Franco D’Andrea has belonged to the leading group of Italian jazz musicians and composers for decades. Born in Merano in 1941, he recorded his first record with Gato Barbieri in ’64. These years saw the start of collaborations with many important musicians on the international scene (including Johnny Griffin, Dexter Gordon, Steve Lacy, Lee Konitz, Phil Woods, Dave Liebman etc.). At the end of the 1960s, together with Franco Tonani and Bruno Tommaso, he founded the ‘Modern Art Trio’, whose record was recently reissued on the Déjavu label. In 1972, he joined the progressive jazz group ‘Perigeo’. From the end of the 1970s he started his own ensembles, gave concerts as a soloist and began his activity as a teacher (he took part in the “Siena Jazz” seminars from their foundation to the present day, from 1993 to 2006 he taught jazz at the Conservatory of Trento, he currently teaches at the Civic Jazz Courses in Milan and conducts several master classes). He has more than 200 recordings to his credit. From the 1980s to the present day, he has several times been elected jazz musician of the year in the ‘top jazz’ issue of ‘Musica Jazz’ magazine. He was also awarded the ‘Prix du Musicien Européen 2010’ from the Academiedu Jazz de France. He has given concerts in many countries in Europe, the USA, Russia, Australia, Africa and the Far East. His music embraces the entire history and facets of jazz, with a special interest in exploring polyrhythmic and African origins.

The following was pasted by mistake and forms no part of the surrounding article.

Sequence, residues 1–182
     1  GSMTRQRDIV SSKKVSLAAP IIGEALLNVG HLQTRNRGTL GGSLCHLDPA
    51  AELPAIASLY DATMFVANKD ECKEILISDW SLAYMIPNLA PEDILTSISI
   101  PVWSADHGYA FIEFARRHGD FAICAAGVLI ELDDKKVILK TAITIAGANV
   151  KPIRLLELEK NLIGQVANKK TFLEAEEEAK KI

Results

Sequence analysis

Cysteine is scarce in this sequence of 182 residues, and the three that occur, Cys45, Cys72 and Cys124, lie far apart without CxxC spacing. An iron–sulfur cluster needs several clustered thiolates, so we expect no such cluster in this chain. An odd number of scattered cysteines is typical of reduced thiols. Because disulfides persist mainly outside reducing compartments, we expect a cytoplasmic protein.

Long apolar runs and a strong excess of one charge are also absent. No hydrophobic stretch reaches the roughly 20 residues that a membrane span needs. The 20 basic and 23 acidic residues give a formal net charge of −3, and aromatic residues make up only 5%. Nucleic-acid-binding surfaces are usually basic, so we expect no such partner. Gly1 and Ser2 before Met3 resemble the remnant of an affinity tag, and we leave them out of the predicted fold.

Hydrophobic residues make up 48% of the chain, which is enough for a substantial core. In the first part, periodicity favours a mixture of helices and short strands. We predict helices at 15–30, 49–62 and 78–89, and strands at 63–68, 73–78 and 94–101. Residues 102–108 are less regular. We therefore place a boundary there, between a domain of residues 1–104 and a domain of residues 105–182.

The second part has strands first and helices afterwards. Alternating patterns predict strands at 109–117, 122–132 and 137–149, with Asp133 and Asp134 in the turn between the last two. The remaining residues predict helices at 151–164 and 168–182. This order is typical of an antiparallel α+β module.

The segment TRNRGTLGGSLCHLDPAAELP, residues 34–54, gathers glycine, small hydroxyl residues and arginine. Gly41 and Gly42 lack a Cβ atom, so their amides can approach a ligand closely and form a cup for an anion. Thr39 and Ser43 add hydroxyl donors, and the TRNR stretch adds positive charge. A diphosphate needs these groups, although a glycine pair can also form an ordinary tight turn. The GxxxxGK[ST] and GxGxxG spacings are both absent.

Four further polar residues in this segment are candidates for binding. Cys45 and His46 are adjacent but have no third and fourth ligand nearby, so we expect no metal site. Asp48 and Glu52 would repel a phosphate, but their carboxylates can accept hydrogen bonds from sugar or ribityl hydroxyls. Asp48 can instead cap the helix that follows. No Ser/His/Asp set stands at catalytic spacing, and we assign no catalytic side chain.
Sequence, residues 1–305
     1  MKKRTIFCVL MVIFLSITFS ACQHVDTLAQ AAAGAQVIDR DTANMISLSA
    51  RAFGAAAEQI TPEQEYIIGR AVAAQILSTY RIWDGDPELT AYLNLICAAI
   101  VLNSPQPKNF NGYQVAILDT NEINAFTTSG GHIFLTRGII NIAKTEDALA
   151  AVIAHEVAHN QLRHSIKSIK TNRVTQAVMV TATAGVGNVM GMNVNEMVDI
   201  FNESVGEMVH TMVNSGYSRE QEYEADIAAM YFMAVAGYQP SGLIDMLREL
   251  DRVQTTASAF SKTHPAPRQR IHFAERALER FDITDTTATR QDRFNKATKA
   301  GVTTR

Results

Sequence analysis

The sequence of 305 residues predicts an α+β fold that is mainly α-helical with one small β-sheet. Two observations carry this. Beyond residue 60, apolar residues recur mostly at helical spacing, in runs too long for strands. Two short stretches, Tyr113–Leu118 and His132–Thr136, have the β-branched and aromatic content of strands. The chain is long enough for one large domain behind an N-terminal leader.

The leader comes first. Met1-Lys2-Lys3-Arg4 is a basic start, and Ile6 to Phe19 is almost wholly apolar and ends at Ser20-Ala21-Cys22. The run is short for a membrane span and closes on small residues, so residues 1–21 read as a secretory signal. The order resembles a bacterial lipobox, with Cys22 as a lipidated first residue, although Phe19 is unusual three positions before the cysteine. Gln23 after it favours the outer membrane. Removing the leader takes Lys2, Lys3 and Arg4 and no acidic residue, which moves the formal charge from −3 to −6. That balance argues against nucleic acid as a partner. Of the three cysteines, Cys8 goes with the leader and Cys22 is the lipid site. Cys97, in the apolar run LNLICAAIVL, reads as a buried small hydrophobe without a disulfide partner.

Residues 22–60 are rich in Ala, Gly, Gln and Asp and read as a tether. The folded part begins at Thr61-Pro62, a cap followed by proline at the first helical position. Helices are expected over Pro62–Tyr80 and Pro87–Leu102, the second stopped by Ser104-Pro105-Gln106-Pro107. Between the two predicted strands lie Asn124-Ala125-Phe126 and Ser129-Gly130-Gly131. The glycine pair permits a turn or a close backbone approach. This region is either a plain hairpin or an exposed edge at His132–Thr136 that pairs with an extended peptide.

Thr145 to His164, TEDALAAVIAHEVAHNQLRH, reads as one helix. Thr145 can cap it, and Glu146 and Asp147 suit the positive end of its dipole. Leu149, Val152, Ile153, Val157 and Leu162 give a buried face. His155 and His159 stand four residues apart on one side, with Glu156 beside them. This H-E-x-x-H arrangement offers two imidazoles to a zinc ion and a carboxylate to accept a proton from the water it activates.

Luca Roccatagliati aka. Dj Rocca is a producer and musician. His first works, at the end of the 1990s, were productions orbiting around drum&bass and breakbeat sounds, genres for which DJ Rocca distinguished himself as one of the Italian forerunners in the clubbing scene initially gathered under the name Maffia Soundsystem, from the Italian club of the same name. DJ Rocca has collaborated with Howie B, Pressure Drop, ZedBias, Dimitri From Paris, Daniele Baldelli and Jazzanova, producing singles, remixes and albums for some of Europe’s best labels, from Sonar Kollektiv to Skint via Defected, Toy Tonics, Rekids and other small but influential European and US cult labels. Together with the legendary Dimitri From Paris, Dj Rocca created the electro-disco project Erodiscotique, with some tracks frequently ending up in the sets of some of the world’s most famous DJs, Bob Sinclar above all. He has remixed the likes of Andrew Weatherall, Luke Solomon, Blaze, Isolee, Justin Robertson, Bjorn Torske, Chris Coco, Dimitri From Paris. He also owns his own record label, Danny Was A Drag King, through which he selects and produces some of the most talented artists on the European scene. As a producer, DJ Rocca is also part of the projects Ajello (with Taver), Supersonic Lovers (with Marcello Giordani) and Crimea X (with Jukka Reverberi). In 2010, with the project DJ Rocca and 5th Suite, he topped the Brazilian charts with his hit ‘Party Bobba’. His performances have taken him from the US to Japan, from China to Brazil, as well as to many countries in Europe and Turkey.
Luca Roccatagliati is a member of the free jazz-dub combo Obsolete Capitalism.